include increased knowledge-based confidence among those audiences in their ability to organize effective programs. Research may also lead those involved in network-building activities, including those responsible for SARP-sponsored workshops and pilot projects, to organize these activities in new and more effective ways. Research may also lead to changes in the way workshops and pilot projects are evaluated and in the specifications written to request proposals for such projects.

An important ultimate impact of research would be more effective integration of climate information by decision makers. However, such mission-related impact metrics are unlikely to show discernible progress in the short term, for the several reasons discussed above. On a longer timescale it will be even more difficult, if not impossible, to separate the impacts of research efforts from those of program implementation.

CONCLUSION

Textbook program evaluations can be very valuable. However, given the small size of SARP, the expectation that desired outcomes will take at least several years to achieve, the multiple types and levels of decisions that could be influenced by climate information, the variety of relevant decision makers, and the multiplicity of programmatic approaches to shape decision support systems, such an evaluation approach is not appropriate for SARP. Instead, we recommend a monitoring approach.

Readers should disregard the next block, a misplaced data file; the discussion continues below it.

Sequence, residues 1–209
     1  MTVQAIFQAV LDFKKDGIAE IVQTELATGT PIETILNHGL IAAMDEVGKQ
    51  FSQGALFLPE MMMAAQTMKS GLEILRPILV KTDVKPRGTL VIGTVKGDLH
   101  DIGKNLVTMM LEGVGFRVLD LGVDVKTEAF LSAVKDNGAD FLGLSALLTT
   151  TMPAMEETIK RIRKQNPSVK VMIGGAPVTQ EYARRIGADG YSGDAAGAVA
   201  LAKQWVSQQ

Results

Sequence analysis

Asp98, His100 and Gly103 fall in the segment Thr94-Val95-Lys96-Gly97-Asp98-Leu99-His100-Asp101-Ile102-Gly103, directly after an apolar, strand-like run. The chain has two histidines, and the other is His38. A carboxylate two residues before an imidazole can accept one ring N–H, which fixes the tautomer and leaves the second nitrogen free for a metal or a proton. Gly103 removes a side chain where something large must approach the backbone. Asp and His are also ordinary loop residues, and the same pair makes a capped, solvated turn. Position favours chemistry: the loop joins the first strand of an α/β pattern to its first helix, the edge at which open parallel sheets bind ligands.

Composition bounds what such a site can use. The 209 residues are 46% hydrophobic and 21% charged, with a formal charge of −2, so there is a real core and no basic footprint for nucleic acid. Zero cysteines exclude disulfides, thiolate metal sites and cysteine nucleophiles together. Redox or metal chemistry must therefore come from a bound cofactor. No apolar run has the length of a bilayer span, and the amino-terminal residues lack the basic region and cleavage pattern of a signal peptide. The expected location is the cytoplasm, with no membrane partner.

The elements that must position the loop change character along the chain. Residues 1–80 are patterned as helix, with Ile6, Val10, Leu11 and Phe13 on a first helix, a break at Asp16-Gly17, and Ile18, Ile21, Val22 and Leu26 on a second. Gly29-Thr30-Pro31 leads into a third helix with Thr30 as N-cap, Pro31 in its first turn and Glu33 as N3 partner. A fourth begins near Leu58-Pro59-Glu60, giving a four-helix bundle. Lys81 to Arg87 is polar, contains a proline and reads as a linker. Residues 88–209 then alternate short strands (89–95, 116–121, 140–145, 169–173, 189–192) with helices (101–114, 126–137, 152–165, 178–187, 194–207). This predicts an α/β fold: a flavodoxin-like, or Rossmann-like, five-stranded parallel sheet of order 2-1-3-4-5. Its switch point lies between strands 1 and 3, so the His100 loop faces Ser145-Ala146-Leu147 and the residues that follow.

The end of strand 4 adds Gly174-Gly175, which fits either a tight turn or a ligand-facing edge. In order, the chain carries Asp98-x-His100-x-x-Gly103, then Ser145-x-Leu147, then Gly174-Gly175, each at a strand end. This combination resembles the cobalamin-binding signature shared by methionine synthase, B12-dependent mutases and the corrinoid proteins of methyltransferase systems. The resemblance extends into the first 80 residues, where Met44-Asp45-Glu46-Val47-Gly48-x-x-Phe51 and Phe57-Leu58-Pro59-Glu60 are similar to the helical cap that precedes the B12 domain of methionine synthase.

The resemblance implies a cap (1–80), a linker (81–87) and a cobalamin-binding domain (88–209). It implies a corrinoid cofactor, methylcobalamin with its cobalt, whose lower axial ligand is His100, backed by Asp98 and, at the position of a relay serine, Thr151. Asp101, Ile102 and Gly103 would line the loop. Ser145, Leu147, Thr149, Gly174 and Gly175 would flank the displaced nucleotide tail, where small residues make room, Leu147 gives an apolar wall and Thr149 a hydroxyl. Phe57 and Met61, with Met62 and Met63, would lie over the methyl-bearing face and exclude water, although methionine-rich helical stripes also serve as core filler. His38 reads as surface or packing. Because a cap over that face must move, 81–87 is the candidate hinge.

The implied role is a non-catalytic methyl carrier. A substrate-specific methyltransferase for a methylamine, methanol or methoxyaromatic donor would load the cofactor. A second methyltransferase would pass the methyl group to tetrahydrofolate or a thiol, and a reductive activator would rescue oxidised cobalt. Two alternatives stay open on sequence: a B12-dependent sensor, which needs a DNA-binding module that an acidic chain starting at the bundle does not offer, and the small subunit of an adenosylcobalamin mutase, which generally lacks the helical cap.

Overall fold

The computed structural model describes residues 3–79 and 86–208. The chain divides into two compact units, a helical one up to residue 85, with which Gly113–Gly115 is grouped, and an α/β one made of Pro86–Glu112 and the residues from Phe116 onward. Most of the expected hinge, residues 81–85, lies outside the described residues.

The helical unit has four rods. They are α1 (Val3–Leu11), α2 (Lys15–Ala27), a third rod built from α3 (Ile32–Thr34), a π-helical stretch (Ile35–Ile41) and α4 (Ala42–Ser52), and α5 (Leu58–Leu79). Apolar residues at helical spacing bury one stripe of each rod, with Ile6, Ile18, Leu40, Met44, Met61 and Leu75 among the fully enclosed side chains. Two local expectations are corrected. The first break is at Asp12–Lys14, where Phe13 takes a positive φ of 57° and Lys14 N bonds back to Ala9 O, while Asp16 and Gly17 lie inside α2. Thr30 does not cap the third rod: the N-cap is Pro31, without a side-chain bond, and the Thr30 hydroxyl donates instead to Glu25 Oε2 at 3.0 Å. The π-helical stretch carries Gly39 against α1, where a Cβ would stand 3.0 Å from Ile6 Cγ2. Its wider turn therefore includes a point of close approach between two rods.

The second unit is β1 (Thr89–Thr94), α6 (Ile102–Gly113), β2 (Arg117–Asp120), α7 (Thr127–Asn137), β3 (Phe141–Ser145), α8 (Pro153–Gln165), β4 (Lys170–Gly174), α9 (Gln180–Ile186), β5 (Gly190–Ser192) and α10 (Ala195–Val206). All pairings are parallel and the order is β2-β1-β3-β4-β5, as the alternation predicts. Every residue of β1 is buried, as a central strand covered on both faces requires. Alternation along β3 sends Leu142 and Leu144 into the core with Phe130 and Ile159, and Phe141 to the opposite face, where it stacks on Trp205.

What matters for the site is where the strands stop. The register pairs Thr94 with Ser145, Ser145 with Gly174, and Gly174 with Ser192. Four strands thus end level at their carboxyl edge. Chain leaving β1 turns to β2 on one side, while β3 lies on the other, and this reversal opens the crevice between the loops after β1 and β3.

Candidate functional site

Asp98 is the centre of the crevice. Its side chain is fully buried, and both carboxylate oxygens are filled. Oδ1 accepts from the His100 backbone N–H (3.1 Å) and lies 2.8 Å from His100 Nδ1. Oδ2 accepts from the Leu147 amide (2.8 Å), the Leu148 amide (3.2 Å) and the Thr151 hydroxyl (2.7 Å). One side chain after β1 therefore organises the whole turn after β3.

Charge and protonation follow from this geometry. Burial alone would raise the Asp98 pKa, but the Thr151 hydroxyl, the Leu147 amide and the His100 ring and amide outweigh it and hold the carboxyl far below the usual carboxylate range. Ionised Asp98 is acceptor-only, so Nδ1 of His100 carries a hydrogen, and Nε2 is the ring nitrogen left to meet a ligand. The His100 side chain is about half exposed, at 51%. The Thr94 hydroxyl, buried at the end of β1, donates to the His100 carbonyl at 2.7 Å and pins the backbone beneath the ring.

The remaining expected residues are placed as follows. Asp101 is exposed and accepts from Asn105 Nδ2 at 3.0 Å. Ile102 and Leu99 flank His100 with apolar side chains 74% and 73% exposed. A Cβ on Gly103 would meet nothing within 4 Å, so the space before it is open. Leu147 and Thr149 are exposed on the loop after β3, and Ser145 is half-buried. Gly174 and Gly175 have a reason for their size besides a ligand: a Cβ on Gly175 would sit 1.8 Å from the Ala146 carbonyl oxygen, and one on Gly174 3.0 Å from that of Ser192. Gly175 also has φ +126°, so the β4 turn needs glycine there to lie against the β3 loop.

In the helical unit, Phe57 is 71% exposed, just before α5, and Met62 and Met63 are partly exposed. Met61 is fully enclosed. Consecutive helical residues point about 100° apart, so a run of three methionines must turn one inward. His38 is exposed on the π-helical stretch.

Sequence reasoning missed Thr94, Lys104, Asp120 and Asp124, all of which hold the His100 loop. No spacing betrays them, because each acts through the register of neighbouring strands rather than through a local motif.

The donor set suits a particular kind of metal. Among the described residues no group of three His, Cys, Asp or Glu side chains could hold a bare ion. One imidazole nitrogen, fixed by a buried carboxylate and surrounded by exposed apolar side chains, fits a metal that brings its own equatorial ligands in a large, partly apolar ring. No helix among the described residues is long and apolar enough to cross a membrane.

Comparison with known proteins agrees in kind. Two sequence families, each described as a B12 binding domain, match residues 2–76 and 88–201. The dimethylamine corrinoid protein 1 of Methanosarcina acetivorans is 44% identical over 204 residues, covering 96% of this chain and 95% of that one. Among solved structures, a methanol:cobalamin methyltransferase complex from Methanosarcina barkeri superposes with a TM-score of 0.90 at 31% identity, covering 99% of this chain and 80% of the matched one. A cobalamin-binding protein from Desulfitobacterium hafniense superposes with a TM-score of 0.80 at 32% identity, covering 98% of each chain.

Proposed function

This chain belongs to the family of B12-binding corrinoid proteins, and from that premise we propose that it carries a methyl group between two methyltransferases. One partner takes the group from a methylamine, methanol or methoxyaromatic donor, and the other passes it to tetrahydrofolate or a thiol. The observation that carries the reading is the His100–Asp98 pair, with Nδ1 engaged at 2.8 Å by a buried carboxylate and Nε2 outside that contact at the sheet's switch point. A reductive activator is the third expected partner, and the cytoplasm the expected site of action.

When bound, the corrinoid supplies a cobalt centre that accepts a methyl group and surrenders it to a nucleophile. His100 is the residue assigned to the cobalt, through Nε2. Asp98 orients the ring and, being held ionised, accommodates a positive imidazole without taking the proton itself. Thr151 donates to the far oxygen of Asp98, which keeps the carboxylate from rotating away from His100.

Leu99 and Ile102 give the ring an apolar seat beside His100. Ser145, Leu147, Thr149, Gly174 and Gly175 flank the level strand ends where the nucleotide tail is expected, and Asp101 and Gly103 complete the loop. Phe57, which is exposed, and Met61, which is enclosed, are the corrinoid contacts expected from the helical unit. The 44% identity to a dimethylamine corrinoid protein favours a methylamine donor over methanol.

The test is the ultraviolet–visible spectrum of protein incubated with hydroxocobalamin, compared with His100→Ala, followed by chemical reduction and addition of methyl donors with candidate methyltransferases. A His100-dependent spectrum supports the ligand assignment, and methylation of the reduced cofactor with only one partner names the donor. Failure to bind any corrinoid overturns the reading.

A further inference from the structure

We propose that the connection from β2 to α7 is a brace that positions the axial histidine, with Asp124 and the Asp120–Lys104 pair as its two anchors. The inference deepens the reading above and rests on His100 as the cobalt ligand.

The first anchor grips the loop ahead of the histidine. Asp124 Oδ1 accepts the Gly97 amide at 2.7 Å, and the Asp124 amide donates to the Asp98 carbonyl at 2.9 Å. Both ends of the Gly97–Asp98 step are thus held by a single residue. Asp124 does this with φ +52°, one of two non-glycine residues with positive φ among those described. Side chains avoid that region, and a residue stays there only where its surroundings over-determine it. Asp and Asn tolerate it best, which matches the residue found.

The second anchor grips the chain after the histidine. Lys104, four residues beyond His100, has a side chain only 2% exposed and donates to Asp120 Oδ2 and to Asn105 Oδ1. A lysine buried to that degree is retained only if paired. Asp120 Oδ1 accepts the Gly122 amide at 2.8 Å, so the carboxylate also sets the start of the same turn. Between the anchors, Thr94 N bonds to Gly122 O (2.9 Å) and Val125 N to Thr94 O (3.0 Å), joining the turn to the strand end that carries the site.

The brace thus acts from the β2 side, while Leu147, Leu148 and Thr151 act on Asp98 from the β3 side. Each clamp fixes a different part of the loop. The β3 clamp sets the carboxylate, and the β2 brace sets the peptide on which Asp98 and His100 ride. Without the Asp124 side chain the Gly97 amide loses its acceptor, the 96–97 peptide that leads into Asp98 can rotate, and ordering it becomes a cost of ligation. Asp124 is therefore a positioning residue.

A monitoring approach aims at recording and analyzing trends in metrics appropriate for each type of SARP activity (pilot projects, workshops, and use-inspired research). We have drawn on earlier work to identify several possible metrics for each type of activity. Multiple metrics should be sought—some that record processes in SARP and some that tap outputs and outcomes—in a regular monitoring scheme. Data should be recorded at regular intervals, perhaps annually. Whenever possible, monitoring should rely on existing sources of data and data that can be reliably collected without substantial time and resources, to limit the level of effort for monitoring this small program. Representatives from target audiences themselves should be asked to contribute to decisions regarding the details of data collection and surveys that could be most useful for monitoring SARP performance. We recognize that because the program is small and its context is rapidly changing, any form of evaluation will be challenging. Nevertheless, it is important for SARP to be able to learn from experience. It is therefore worthwhile to conduct careful comparative research on the results of major SARP initiatives and to seek to understand how outputs and outcomes are affected by program inputs, characteristics of the decision arenas, and other factors.



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